Alison Weir Continues the Saga
The story of King Henry VIII is, at this point it seems, better told through the people who surrounded him rather than the man himself. More precisely, insight into the man can be largely obtained through the many wives he had over the years, becoming infatuated with one after the other, always seeking the one who would finally bear him a son. The stories of the women who surrounded him are no less extraordinary than the man’s himself, and Alison Weir has chronicled a few of them in the previous books of the Six Tudor Queens series. In the third book of the series, titled Jane Seymour, The Haunted Queen, Alison Weir explores the life of the titular woman, the one who finally gave Henry VIII the son he wanted so dearly, Edward VI of England.
The book takes us back in time a little bit to focus on the formative years of the young Jane, showing us the path she walked to eventually become the woman who would be Queen of England. Though she always sought the embrace of religion, the ambitions of her family send her down a different path to be a lady-in-waiting to the then-queen, Katherine of Aragon. Once in the court, she becomes drawn into a dangerous game when she captures the King’s affection, a man who discarded all of his previous wives one after the other. As her family sits scheming on how to better use her in order to gain power, Jane finds herself diving into increasingly deep waters, swayed further and further from the pure and religious path she once sought to follow.
Though this book may be part of a series, each and every chapter of it stands comfortably on its own, not even requiring any previous knowledge on the subject. In other words, if you’d like to begin your foray into this series right here, you can certainly do so.
Facts and Liberties
To begin with, I would like to address what I would call the “historical competence” of this novel, meaning how much fact and fiction there might be to it. As far as the descriptions of the environments, the people, the social systems and the dynamics in play at the time, it certainly shows Alison Weir did all the research she could possibly muster, bringing to life before our eyes the cutthroat majesty of 16th century England. As far as the major events go and the overall development of the plot, everything also seems to be in good order as far as I can tell, with history being followed relatively closely where it matters. I particularly enjoyed learning about the family dynamics governing Jane’s life in her family home, the Wulfhall, where everyone seems to have some sort of scheme going at any given time of day or night. It was definitely one of the more entertaining and educative aspects of the book for me.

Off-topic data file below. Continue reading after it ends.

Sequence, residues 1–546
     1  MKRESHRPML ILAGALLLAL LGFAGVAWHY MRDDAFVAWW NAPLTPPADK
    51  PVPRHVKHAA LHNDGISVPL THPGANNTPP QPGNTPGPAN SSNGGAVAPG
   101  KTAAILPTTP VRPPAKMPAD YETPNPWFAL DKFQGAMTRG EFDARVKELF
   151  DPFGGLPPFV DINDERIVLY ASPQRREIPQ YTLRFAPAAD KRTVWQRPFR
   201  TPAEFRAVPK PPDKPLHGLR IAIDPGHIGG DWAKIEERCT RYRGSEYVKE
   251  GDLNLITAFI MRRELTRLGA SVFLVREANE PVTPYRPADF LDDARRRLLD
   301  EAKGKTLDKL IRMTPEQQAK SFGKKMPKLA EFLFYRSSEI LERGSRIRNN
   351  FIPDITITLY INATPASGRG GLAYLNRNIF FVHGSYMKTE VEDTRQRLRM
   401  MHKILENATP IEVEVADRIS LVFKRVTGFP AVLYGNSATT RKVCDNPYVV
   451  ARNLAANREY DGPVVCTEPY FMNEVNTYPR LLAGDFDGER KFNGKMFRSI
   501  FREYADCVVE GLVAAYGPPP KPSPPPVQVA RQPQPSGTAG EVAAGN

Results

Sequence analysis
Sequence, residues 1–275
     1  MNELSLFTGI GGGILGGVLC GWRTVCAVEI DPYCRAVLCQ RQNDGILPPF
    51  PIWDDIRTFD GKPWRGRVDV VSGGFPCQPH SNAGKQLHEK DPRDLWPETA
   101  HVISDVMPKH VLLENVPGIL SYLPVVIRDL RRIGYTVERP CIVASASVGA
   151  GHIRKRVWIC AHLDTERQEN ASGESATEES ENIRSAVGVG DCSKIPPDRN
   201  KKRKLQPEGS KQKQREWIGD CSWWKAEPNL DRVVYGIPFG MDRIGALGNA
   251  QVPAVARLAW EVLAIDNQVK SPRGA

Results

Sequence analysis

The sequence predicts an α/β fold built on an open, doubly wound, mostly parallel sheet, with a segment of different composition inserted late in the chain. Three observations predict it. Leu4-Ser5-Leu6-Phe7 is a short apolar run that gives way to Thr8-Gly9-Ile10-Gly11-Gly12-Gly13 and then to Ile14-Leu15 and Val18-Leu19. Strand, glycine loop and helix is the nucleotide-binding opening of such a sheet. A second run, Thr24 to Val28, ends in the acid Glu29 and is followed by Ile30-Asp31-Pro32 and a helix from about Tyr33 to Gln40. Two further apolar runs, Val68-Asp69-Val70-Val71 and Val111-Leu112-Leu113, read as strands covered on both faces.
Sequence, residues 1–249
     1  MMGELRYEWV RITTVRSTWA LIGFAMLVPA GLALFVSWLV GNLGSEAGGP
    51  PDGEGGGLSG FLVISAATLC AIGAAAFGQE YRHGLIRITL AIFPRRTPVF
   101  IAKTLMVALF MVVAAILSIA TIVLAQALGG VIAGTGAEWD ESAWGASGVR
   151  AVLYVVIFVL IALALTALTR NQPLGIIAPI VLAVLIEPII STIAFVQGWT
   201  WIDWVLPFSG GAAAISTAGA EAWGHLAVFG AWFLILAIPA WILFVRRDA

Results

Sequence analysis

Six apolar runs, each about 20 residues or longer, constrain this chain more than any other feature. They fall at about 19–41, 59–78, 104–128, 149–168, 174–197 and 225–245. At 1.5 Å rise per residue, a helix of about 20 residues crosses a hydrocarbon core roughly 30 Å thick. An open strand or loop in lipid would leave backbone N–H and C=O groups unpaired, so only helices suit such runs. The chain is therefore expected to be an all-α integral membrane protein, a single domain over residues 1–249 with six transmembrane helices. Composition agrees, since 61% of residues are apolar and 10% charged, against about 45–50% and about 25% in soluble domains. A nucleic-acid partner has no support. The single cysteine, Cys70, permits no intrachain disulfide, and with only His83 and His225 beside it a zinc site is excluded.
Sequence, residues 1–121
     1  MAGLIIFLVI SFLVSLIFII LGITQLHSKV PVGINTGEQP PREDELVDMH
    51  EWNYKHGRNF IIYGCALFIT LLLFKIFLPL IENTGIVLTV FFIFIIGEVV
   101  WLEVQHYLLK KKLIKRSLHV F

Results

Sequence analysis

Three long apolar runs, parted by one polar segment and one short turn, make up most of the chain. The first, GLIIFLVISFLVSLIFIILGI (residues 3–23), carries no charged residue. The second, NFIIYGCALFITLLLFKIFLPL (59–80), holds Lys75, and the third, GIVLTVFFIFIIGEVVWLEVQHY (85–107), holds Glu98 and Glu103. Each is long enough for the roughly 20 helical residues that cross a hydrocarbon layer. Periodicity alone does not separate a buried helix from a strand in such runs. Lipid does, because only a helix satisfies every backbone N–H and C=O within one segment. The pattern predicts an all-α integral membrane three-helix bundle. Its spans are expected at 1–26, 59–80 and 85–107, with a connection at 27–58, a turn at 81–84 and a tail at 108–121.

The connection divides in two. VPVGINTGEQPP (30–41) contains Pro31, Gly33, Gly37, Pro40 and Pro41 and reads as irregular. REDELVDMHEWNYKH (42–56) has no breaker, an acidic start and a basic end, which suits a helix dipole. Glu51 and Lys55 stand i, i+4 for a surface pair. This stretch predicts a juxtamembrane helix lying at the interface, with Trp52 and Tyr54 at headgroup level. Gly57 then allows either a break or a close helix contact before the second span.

On the other hand, there are a fair few historical inaccuracies to deal with in regards to Jane herself. However, the author herself warns the reader about the various liberties she took with the character and the reasons she did it for. Ultimately, it would seem her depiction of Jane wasn’t quite in line with how she was from what little is known about her three-year tenure as queen. However, I would argue this was never meant to be a factional historical book, but a fictional novel set in a historical backdrop. Personally, I trust Weir took this route mostly for entertainment purposes, adding intrigue and drama into her alternative version of history. While I do believe this might bother some people who are knowledgeable on the subject, in the end we would all do well to remember we are reading a novel meant to captivate.
Scandals and Deceptions Aplenty
With all the historical facts and inaccuracies out of the way, I feel ultimately this novel deserves to be treated like virtually any other one, focusing on how enthralling and absorbing it is above anything else. The story is structured in a very orderly fashion, following the important events which marked Jane’s life from her childhood to the end of her reign. We never linger too much on anything which doesn’t merit it, but at the same time the plot manages never to move on too quickly. As such, we are given plenty of time to absorb the many events happening at any given moment and their potential implications, often of a scandalous nature. The pacing never feels rushed, on the contrary being very deliberate on where it takes the reader, which in turn helps Weir manipulate and defy our expectations more aptly.
In my opinion, whether it’s accurate or not, Weir’s depiction of the cruel political games happening in the 16th century English court is one of the more intriguing ones I have seen to date. There is seldom a dull moment as the vast diversity of characters are all trying to get ahead of each other by coming up with complex plans most others wouldn’t even dream of. The battles in this book are fought with cunning and wit being the weapons of choice. While there were a few times when I felt some people’s motivations weren’t explained all too clearly or what precisely their expectations were based on, I can certainly overlook those moments for the overall quality of these political games.
The Final Verdict
To bring the show to an end, Jane Seymour, The Haunted Queen by Alison Weir is a fantastic addition to the Six Tudor Queens series, making the most of the unique historical setting and bringing to life a woman about whom surprisingly little is known despite her important role in history. I highly recommend this to anyone seeking an entertaining novel about King Henry VIII, his wives, and the English Court.
Alison Weir is a British author of history books and historical novels, more often than not centering on biographies of British royalty. She wrote biographies of numerous figures including Eleanor of Aquitaine, Katherine Swynford, and even the Princes in the Tower, amongst many others. As far as novels go she has penned some renowned works such as Innocent Traitor, The Captive Queen and The Marriage Game.